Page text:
Spektrum der Wissenschaft
AUS FORSCHUNG WIRD GESUNDHEIT
Wie gut ist die biomedizinische Forschung?
Heute stellen wir die Frage: Wie gut ist die biomedizinische Forschung? Stimmt es, was John Ioannidis von der amerikanischen Universität Stanford behauptet hat, dass die Hälfte aller wissenschaftlichen Artikel falsch sind? Beantworten kann mir diese Frage Professor Ulrich Dirnagl. Er leitet am Berlin Institute of Health das BIH Quest Center, das die Qualität und Ethik in der Wissenschaft erforscht. Er hat John Ioannidis ans BIH eingeladen, um als Einstein BIH Visiting Fellow mit ihm zusammen zu arbeiten.
Dichtung und Wahrheit in der Forschung
Ulrich Dirnagl ist Professor für Neurologie an der Charité – und “Wissenschaftsnarr”, als der er regelmäßig eine Kolumne im “Laborjournal” schreibt. Mit Thomas Prinzler spricht er über Qualität und Ethik in der biomedizinischen Forschung. Denn zu oft würden Ergebnisse weggelassen oder auch gefälscht.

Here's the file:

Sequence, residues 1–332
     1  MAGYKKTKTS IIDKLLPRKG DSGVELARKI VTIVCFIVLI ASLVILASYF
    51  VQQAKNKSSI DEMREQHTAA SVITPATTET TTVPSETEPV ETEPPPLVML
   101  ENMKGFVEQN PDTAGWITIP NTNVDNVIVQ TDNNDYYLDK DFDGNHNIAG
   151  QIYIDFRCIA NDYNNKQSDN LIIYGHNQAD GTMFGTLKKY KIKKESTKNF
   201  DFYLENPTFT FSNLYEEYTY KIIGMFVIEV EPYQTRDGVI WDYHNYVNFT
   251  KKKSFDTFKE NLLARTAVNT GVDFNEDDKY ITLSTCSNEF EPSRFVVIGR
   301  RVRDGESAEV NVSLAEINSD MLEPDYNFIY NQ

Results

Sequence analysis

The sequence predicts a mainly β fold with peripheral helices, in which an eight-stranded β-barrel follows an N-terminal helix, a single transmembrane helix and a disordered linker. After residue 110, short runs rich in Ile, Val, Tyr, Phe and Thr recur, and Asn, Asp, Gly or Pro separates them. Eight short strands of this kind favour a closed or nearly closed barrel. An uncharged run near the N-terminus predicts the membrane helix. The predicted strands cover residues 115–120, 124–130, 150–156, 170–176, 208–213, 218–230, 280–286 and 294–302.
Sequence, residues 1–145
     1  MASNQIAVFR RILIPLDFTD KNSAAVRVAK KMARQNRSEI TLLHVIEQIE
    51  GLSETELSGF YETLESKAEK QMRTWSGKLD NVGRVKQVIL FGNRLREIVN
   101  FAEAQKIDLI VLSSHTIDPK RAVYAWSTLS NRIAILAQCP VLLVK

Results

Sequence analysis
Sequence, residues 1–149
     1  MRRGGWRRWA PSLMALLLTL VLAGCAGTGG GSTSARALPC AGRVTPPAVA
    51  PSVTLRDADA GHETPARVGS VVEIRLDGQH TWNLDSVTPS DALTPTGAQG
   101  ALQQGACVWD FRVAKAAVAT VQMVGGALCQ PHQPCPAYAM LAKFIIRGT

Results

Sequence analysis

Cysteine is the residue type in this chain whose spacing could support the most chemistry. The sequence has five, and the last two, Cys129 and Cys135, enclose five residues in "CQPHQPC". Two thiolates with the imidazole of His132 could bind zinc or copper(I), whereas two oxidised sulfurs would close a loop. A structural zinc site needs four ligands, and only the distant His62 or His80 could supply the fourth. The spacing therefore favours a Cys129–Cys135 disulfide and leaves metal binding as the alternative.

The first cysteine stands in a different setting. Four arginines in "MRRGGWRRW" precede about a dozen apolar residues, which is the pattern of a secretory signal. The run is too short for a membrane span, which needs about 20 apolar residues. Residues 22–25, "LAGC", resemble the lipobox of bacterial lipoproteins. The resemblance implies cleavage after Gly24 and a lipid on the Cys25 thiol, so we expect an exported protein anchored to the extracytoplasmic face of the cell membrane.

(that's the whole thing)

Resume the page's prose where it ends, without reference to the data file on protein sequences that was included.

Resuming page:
Wo Professor Zufall regiert
Zu wenige Versuchspersonen, unsauber geplante Experimente, keine Replikation der Untersuchung: viele biomedizinische Studien haben Schwächen. So große, dass man stattdessen genauso gut eine Münze werfen könnte, meint der Neurologe Ulrich Dirnagl.
Podcast Spektrum – Wirkstoffradio (André Lampe und Bernd Rupp)
Podcast Kritisches Denken (Philip Barth, Andreas Blessing)
Episode 25 – Qualität in der Forschung
Im ersten Teil des Gesprächs mit Prof. Ulrich Dirnagl von der Charité Berlin sprechen wir über strukturelle Probleme in der Forschungslandschaft, die Reproduzierbarkeitskrise und den p-Wert. Details zur Episode
Podcast Kritisches Denken (Philip Barth, Andreas Blessing)
Episode 26 – Mikrobiomforschung und andere Hype-Zyklen
In Teil 2 des Gesprächs mit Prof. Ulrich Dirnagl unterhalten wir uns über die Mikrobiomforschung und wie Hype-Zyklen in der Wissenschaft verlaufen.
Podcast Gesundheit Macht Politik
Ulrich Dirnagl | Forschung: This is an intergalactic emergency
And here’s a video cast from the European Academy of Neurology